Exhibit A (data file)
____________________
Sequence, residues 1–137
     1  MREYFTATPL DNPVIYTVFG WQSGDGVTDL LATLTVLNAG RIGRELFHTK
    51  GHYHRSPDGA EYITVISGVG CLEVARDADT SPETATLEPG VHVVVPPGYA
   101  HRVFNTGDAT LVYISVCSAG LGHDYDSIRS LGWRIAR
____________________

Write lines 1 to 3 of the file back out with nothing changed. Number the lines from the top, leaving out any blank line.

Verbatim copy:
Sequence, residues 1–137
     1  MREYFTATPL DNPVIYTVFG WQSGDGVTDL LATLTVLNAG RIGRELFHTK
    51  GHYHRSPDGA EYITVISGVG CLEVARDADT SPETATLEPG VHVVVPPGYA